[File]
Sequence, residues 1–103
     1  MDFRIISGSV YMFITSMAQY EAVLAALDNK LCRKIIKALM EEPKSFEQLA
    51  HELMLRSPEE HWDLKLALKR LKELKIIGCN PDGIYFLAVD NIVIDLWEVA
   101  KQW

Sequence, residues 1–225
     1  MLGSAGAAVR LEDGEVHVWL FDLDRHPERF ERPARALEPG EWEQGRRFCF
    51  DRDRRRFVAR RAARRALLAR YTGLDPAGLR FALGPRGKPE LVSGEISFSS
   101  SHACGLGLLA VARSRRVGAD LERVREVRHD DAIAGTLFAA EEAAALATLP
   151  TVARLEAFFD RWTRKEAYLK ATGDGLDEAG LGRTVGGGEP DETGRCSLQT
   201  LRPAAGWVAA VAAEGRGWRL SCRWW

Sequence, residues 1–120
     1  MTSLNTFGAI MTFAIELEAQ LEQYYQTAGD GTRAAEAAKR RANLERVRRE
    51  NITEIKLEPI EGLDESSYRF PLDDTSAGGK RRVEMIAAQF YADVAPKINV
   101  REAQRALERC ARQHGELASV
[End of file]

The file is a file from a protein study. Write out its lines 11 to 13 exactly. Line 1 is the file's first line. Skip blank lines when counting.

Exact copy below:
Sequence, residues 1–120
     1  MTSLNTFGAI MTFAIELEAQ LEQYYQTAGD GTRAAEAAKR RANLERVRRE
    51  NITEIKLEPI EGLDESSYRF PLDDTSAGGK RRVEMIAAQF YADVAPKINV